Vast possibilities, few real world deployments
User names and passwords are easy to use on laptops, PCs and mobile devices, but higher assurance credentials such as cryptographically secure smart cards can be cumbersome to use across various platforms and devices.
This has brought about the idea of derived credentials, which would basically enable a user to spawn lower assurance credentials onto different platforms to perform other tasks. For example, a government employee could use their secure agency-issued PIV smart card to create another digital credential for their mobile device. This derived credential could then be used to check and potentially even sign email via the handset.
“We’re learning that the PIV is great for many things but you need another form factor,” says Kevin Kozlowski, vice president of Government Initiatives at XTec.
The push for derived credentials is coming out of the federal government and the U.S. Department of Defense, says Ray Wizbowski, formerly of Gemalto and now at Datacard. “The government has been looking at ways for officials to securely use credentials on mobile devices,” he explains.
The last draft of FIPS 201-2, the government smart card specification, introduced the idea of derived credentials. This version of the spec released in the fall of 2012 has the PIV presented to a mobile device manager that then assigns a sub-credential to the device using a parent-and-child model. The derived or child credential would be placed on a secure element within the handset or tablet.
Only a portion of the PIV functionality would be available with the derived credential and it’s possible that different derived credentials could be issued depending on the level of assurance necessary.
Derived credentials were also mentioned in NIST’s Special Publication 800-63-1, which focused on electronic authentication. But this prior mention was in a generic form and not specific to PIV.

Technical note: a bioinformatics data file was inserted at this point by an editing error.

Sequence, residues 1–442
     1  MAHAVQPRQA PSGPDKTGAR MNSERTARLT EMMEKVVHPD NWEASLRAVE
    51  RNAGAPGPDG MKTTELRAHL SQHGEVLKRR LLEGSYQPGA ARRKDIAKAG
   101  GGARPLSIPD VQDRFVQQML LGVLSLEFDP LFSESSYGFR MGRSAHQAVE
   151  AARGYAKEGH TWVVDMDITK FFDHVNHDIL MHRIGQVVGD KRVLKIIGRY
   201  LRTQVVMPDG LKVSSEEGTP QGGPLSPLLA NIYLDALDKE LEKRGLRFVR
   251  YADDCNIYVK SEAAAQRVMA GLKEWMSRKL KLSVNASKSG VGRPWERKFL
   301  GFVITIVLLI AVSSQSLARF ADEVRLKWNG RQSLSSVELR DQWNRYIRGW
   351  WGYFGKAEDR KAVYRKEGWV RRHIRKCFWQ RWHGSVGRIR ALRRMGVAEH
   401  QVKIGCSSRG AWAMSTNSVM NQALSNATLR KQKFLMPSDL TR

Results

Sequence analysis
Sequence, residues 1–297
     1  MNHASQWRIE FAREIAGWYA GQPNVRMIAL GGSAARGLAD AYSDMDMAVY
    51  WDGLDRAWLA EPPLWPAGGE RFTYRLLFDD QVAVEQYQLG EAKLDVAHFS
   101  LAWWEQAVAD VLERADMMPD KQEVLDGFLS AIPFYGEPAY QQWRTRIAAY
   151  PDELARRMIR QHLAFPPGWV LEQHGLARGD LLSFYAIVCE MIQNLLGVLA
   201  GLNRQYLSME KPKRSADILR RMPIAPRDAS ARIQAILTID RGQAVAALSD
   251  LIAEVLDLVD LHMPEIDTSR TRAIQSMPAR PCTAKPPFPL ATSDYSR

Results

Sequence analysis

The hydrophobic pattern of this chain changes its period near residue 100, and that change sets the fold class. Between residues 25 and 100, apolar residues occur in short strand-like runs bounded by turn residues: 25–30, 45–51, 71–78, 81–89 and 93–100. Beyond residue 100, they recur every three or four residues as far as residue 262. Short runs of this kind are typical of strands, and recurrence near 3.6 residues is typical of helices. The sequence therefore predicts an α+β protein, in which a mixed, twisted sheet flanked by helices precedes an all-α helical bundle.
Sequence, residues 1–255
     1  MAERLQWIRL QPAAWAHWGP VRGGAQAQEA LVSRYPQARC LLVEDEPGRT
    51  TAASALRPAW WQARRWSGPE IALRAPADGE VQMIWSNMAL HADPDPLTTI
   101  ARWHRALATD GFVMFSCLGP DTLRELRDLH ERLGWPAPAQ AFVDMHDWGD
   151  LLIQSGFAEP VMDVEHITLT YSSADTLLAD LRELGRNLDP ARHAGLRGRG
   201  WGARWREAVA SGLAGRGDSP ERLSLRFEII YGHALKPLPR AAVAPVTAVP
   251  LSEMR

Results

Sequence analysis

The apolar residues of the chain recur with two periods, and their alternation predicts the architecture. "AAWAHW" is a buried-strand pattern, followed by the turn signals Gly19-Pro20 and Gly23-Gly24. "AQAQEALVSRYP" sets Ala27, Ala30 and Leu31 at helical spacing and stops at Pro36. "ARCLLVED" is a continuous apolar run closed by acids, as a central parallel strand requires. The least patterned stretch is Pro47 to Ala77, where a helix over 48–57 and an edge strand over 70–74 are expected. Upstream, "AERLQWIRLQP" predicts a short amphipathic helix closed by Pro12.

It will require additional special publications to flesh out the details of how derived credentials will work. These publications will be needed so that vendors can create new products conforming to the revised spec.
Some vendors are not waiting and are already working on solutions.
XTec has run some pilots using derived credentials on iPads and iPhones but the company can place the credentials on any mobile platform, Kozlowski says. He uses the derived credentials on his iPhone to validate his identity instead of using his PIV-I. With derived credentials, the PIV is essentially serving as a Certificate Authority that signs a certificate that is placed on the mobile device, he explains.
In this early example, the system emails a certificate to the mobile device to be loaded and used from there. Eventually, he says the certificate will need to be directly loaded on the SIM or other Hardware Security Module to prevent possible tampering.
Policies surrounding derived credentials need to be sorted out before they can be used in real deployments. Differentiating the derived credentials and making sure the primary one cannot be duplicated are issues that must be addressed, Wizbowski says. “Is it a truncated part of the certificate that identifies it as coming from a mobile device so it’s not giving full access?” he asks. “The technical pieces are still in the formative stages. A lot is being proposed and there are many ways to address it.”
How long should the derived credentials be valid? A day, a week or a month, Koslowski asks. And what applications can accept the derived credential instead of the primary? “Some apps you might want to mandate the card because of the security,” he adds.
The government market might be the main focus for derived credentials in the short term but as high assurance identities become more commonly available the idea could catch on in the consumer market as well, Wizbowski says. Looking at the commonly used four levels of assurance, each one could be a credential. “You could issue low-level credentials for social networking and higher level ones for email and other uses,” he explains.
New use case: Derived credentials expedite physical access transactions
The main discussion around derived credentials is using them on mobile devices to access email and secure web sites. But HID Global is working on a scheme that would see derived credentials placed on the same smart card to expedite physical access, says Bob Dulude, director of Federal Identity Initiatives at HID.
It can take as long as 2.5 second to verify a PIV certificate for physical access, Dulude says. “The certificates are very large, 2K, and it can take a long time to read that data and validate it, not the best performance at the door,” he explains. “With prox it takes less than half a second.”
HID wants to put a card verification certificate on the PIV to enable quicker processing at the door. “It’s constructed to have the minimal data necessary to open the door,” Dulude says.
The derived certificate would be tied to the cardholder’s PIV certificate so that revocation lists could be checked without any changes to the existing infrastructure. “Using a derived credential reduces the size and improves performance,” Dulude says.